There are other problems that cause damage to the Body of Christ. The most significant one is the critical words and gossip we listen to or speak that cause division and destroy love. God makes it very clear in his Word that He actually hates this because it causes division in His Body. Also too much of what is emphasized in Christianity today is far away from what this verse tells us has to happen to make revival possible:

“If My people who are called by My name will

Humble themselves.


Seek My face.

Turn from their wicked ways.

I will hear from heaven. I will forgive their sins.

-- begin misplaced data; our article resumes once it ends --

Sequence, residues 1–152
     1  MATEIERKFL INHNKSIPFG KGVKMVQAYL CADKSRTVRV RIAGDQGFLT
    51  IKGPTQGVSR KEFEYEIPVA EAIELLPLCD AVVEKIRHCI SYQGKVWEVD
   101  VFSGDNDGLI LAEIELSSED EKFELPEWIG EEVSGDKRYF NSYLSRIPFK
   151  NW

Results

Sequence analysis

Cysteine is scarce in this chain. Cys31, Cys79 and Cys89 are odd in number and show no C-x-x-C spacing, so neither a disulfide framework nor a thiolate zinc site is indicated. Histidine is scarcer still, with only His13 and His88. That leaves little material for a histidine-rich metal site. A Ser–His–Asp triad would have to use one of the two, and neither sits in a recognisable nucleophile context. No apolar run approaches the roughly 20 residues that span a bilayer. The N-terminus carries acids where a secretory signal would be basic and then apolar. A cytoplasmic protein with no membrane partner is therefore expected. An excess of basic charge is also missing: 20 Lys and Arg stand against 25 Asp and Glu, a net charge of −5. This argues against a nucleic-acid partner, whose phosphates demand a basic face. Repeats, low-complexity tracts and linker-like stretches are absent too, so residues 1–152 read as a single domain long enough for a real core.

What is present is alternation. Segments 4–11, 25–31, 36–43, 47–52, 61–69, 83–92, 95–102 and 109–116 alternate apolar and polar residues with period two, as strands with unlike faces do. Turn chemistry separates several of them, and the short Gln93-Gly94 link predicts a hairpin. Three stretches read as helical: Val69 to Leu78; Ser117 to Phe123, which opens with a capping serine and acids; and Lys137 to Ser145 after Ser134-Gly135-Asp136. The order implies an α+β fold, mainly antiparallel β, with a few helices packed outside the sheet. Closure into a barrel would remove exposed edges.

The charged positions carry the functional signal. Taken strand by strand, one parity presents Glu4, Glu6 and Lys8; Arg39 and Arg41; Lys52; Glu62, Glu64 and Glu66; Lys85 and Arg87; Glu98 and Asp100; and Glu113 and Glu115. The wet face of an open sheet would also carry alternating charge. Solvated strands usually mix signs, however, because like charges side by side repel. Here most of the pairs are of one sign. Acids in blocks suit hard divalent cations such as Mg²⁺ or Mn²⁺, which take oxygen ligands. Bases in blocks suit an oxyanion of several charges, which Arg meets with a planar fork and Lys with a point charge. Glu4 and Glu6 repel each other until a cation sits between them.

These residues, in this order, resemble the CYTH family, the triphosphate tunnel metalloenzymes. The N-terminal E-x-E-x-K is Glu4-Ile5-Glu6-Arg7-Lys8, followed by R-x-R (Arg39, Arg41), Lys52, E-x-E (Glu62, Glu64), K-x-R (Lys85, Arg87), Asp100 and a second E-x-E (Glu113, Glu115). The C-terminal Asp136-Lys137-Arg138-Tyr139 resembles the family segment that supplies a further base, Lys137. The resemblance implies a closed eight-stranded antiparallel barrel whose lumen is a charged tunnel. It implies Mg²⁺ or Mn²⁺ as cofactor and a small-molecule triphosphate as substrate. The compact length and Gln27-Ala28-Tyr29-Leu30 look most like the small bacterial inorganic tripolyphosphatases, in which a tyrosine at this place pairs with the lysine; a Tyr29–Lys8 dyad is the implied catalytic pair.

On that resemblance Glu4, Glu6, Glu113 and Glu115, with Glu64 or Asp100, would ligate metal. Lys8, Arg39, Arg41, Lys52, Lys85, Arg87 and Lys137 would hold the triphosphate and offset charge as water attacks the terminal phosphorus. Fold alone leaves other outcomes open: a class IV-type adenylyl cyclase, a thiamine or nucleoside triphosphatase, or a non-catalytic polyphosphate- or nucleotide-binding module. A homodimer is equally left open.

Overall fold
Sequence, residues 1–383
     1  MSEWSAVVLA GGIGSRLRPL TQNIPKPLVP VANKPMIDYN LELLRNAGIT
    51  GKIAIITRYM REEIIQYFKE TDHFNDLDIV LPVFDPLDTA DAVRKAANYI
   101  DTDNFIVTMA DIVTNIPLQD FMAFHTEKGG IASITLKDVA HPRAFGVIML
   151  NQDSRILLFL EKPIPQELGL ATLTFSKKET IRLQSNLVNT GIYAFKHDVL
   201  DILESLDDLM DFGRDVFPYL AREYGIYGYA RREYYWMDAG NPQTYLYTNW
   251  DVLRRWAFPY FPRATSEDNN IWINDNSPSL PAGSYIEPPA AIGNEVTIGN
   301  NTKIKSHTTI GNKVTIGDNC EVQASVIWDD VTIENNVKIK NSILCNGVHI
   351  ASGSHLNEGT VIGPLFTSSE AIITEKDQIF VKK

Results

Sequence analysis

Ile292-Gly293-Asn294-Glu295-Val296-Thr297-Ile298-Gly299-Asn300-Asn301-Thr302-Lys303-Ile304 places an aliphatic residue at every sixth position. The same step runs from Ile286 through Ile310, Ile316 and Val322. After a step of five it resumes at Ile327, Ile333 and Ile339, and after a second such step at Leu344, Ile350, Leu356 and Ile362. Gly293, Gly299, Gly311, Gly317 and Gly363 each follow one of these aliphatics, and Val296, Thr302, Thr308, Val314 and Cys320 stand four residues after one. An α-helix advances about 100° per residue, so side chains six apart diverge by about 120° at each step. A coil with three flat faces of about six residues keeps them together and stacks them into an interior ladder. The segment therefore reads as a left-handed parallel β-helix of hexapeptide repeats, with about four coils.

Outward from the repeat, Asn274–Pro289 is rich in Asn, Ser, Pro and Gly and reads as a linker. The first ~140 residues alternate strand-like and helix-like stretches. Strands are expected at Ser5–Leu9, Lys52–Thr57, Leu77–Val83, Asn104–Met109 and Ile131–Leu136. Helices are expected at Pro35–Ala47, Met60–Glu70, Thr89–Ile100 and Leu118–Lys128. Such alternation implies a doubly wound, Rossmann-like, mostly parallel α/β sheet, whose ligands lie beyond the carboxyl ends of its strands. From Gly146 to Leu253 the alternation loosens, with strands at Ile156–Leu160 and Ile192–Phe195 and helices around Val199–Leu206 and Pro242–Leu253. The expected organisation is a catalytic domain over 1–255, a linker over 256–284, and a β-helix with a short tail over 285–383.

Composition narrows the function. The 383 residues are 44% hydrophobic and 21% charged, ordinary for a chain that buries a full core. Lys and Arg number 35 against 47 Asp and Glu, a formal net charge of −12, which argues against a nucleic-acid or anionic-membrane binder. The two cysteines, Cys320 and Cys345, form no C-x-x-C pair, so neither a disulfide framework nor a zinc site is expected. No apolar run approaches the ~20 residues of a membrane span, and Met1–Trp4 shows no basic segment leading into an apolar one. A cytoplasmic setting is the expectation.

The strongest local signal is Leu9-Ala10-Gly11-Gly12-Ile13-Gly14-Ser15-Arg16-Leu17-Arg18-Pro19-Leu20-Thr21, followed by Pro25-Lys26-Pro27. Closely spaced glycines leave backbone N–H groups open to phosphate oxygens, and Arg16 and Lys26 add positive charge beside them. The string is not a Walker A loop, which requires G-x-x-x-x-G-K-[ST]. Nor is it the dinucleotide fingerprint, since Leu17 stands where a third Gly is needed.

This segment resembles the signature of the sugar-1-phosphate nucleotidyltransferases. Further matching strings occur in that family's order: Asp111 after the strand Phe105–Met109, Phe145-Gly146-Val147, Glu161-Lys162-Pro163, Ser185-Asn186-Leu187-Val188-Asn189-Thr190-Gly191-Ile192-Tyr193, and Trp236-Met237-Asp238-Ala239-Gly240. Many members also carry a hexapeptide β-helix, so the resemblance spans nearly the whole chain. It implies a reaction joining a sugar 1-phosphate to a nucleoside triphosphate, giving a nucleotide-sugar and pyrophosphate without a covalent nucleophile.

I will restore their land.”
2 Chronicles 7:14

Most of us know we have things we need to repent about and must be dealt with in order for true revival fire to break out. But I submit to you, and to myself, revival’s primary enemy is anything we do that causes a breakdown in love and unity. God’s presence will not come where that loss is tolerated. And even if a revival fire begins, it will not remain without love and unity.

Sadly, among many Christians today the issues that harm love and unity are not only just tolerated. They are accepted as normal.

Yet, all this could be changed if we return to the love and unity that ignited the consuming fire in the Book of Acts.